Once burned, twice shy
Aiming to prevent Rick-Darva debacles, Fox sets scripted shows to fill seven holes in schedule, assesses reality
By Susanne Ault -- Broadcasting & Cable, 7/23/2000 8:00:00 PM
Eager to avoid a repeat of last season's poor start (from its "now you see it, now you don't" sitcom Action to the ratings slumps of Ally McBeal), FOX executives last week pitched critics on shows from big names like James Cameron and David Kelley and promised "wonderful" episodes of Ally.
But in contrast to the reality-heavy sessions at other networks (see page 27), FOX wasn't preaching about a possible Millionaire or Survivor up its sleeve during the Television Critics Association tour in Pasadena. After being once burned by the Darva and Rick fiasco and the "shockumentary" shows that became a running joke, the network once awash in reality is twice shy.
Consequently, FOX Television Group Chairman Sandy Grushow and FOX Broadcasting Company Entertainment President Gail Berman promoted different genres for their seven programming holes-the largest void of any of the networks. In addition to filling Action's slot, FOX needs to find substitutes for, among others, the Jennifer Love Hewitt vehicle Time of Your Life and its canceled signature shows Beverly Hills 90210 and Party of Five.
Electing not to compete with the Olympics in September, FOX will not introduce its first new series, Dark Angel, until Oct. 3.
After praising Fox's two legit hits, mid-season comedies Malcolm in the Middle and Titus, Grushow asked, "Are we exactly where we want to be? Not yet. I will say that we feel really good about the series we'll be launching in the fall. Among them, Darren Star's The Street."
If there were any theme in Fox's lineup, it was a supernatural one, with Grushow plugging Freakylinks (from the Blair Witch Project producers), James Cameron's Dark Angel and Twighlight Zone-ish Night Visions, which join the soon David Duchovny-less X-Files.
Just two weeks into her new job as Fox's entertainment chief (arguably the network business'.
"I know some of you have raised concerns that the show took on too many flights of fancy. But the scripts and stories I've read so far this new season are wonderful," she insisted.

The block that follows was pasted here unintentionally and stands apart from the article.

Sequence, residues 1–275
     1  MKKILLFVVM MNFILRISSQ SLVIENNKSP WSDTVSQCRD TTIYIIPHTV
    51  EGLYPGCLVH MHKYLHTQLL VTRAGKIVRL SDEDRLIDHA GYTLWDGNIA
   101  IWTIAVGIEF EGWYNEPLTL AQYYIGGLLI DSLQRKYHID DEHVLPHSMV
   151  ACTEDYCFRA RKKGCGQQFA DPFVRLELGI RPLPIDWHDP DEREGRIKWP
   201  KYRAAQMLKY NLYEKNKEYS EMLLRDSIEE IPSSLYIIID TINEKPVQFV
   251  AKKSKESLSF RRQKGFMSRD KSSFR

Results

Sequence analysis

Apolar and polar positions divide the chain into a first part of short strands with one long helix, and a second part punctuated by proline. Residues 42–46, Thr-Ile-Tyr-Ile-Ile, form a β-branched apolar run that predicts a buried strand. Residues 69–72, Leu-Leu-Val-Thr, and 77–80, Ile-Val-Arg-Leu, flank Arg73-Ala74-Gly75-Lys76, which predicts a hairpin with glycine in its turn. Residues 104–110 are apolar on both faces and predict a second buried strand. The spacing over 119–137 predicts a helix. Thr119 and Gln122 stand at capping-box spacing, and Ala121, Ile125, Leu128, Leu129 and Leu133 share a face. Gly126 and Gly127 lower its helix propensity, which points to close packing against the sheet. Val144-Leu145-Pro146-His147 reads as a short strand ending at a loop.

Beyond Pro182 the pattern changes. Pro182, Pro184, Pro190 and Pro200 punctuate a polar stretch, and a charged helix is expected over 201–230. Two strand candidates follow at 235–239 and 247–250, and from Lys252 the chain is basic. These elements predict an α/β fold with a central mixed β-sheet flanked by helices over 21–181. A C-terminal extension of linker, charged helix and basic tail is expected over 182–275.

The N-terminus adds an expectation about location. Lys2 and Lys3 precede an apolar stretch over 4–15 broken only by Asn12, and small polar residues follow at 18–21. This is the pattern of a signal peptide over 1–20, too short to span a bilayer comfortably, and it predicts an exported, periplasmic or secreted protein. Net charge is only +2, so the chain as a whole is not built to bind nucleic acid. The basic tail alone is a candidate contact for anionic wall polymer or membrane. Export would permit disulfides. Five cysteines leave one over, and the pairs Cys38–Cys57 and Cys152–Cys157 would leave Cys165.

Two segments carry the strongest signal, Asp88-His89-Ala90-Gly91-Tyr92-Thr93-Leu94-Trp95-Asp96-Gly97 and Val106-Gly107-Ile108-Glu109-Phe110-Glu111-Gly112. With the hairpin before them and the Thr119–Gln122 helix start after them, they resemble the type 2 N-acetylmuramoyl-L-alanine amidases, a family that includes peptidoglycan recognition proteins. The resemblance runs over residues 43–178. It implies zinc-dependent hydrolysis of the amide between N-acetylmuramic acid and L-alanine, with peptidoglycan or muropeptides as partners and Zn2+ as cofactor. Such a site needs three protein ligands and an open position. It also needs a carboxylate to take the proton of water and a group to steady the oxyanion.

No TCA presentations were reality-free, and Fox's was no exception.
One critic, noting the "unreality" of the presentation, spoke up: "Sandy, you didn't mention reality programming at all. Do you guys feel that somehow you missed the boat on this? You were in the forefront of reality, for better or for worse."
Grushow responded: "Specials that were in the mode of When Animals Attack were getting killed in New York. There was no money in the marketplace for those kinds of shows; those types of specials were hurting the FOX brand. But by no means did we get out of the reality business."
In August, FOX is rolling out a cameras-in-the-classroom series, American High, which Berman insisted "doesn't deal at all in going over the line. Reality has a place on this schedule when it's done right: not blood, not guts and not shockumentaries."
Yet knowing Fox's history, Berman added, "I do think this is an issue that each network needs to come to grips with now. We are taking a hard look at what is really acceptable for broadcast television."
FOX now enlists the help of PricewaterhouseCoopers to help it go over potential reality programs with a fine-toothed comb, performing background checks to the fullest extent.
But while reality has its pitfalls, Fox's scripted shows face challenges as well.
David E. Kelley, who took a hit this season with Snoops, can do wrong. And with Boston Public, he will again try to spread himself over three series (Boston, Ally and The Practice).
Also, Titanic's James Cameron is a major investment. The first episode of his Dark Angel is reported to have cost a whopping $10 million. That's ultra-pricey for a pilot, but then again, at one time he was being prematurely buried over the price of Titanic. It's also set to compete with The WB's Angel, which goes after the same sci-fi-hungry young-male demo.
Grushow insisted Cameron "has been incredibly responsible. He brought the [two-hour] pilot in on time and on budget. I was told that [CBS'] The Fugitive as an hour cost $6 million. I can't verify that, but we feel very good about our investment."
Carsey Werner has taken its untitled John Goodman project (which starred Goodman as a gay dad) back to the drawing board to completely revamp its premise, but Goodman's character will stay as is.
Then there is The X-Files. Fans must adapt to David Duchovny's exit after 11 episodes and the addition of Robert Patrick (who played Terminator 2's creepy policeman).
And a highly touted mid-season entry from Michael Crichton is still lacking format details.
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